Speaking of children, Mike and his wife Maria have an adorable son Nicolas. I got Nicolas some children's books from my friend Tom Angleberger's wife Cece Bell at the Ram's Head Bookstore in Roanoke yesterday. Tom has his own book under the pen name of Sam Riddleberger, which was just published! In spite of the fact that I brought two books from Tom's wife and none from him, we are still on speaking least, we were as 1 p.m. today.
Mike is also a great photographer. He should have a web site of them, and perhaps he does.
I was told I was fairly good at photography too_ I did after all take a photography class, but I have alas neglected the hobby for (many) silly ventures, such as this blog!
I would write more but my mom's 'delightful' dog Mitzi is about to attack Gidget, our other's too bad we didn't see a cockfight when we were in Mexico, but it looks like I'm witnessing one now.............:)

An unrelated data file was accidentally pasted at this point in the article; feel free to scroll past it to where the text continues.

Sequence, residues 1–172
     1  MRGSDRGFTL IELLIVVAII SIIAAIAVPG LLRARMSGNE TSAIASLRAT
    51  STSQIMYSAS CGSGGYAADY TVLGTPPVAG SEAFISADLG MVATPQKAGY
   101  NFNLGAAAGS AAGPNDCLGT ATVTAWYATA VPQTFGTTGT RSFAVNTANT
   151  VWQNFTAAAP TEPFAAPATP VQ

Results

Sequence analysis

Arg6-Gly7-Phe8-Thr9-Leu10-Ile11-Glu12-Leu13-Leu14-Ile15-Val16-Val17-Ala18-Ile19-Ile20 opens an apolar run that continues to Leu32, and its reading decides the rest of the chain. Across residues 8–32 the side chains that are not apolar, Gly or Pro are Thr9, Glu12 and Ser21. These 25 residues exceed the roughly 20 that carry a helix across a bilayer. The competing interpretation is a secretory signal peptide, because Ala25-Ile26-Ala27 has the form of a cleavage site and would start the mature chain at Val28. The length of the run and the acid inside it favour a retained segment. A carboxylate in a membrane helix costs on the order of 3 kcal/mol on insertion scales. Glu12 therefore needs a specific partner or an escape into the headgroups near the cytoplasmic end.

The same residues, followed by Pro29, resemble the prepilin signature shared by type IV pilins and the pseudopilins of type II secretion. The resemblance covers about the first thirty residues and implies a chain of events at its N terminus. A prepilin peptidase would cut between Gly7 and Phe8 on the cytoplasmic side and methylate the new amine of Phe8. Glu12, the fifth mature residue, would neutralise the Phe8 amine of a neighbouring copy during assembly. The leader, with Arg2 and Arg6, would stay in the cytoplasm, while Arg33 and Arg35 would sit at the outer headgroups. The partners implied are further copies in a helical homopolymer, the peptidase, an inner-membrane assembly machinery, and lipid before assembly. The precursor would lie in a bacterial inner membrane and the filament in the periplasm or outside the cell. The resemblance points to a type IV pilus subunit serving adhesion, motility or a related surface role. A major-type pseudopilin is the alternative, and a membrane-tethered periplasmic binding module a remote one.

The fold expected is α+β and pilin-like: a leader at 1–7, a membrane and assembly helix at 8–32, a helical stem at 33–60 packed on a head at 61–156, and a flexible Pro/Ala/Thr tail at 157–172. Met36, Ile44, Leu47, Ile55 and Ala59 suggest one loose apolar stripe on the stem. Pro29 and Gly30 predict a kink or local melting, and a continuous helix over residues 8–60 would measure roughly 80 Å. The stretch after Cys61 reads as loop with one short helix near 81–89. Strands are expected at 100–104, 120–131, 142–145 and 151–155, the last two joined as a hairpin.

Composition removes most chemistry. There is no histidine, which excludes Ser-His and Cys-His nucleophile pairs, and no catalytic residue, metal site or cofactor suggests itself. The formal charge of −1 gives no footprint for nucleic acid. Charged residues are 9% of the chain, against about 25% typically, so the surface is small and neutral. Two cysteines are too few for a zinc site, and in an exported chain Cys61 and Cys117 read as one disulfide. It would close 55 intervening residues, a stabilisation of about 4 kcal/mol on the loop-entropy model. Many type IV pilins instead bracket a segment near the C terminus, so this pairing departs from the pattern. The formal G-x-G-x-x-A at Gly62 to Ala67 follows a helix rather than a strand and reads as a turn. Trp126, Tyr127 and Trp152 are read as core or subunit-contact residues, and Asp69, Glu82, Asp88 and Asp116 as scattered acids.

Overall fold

Useful links:

Lale and Matt's photos:

Denver Botanical Gardens

NC Zoo

Tom's site

Cece Bell's site

Dead Poets Society, #7 (of 12), William Blake

Since it has been 250 years since his birth and perhaps because his grave was recently 'discovered' in London, English poet William Blake (1757-1827) appears to be vogue again, which he was not during his lifetime. Now before I add anything else, I need to say I am a total novice when it comes to poetry, unlike films which I am perhaps too knowledgable about (it has perhaps even cost me friends!). And, I am writing down stuff that was said about Blake on Wikipedia, which is not entirely reliable. Blake was also a painter and a printmaker.
Here is my Blake poem of choice, "The Lamb."

"The Lamb" (1789)

Little Lamb, who made thee?
Dost thou know who made thee?
Gave the life and the bird to feed,
By the stream and o'er the mead;
Gave thee clothing of delight,
Softest clothing wooly bright;
Gave thee such a tender voice,
Making all the vales rejoice!
Little Lamb who made thee?
Dost thou know who made thee?

Little Lamb I'll tell thee,
Little Lamb I'll tell thee!
He is called by thy name,
For he calls himself a Lamb:
He is meek and he is mild,
He became a little child:

I a child and thou a lamb,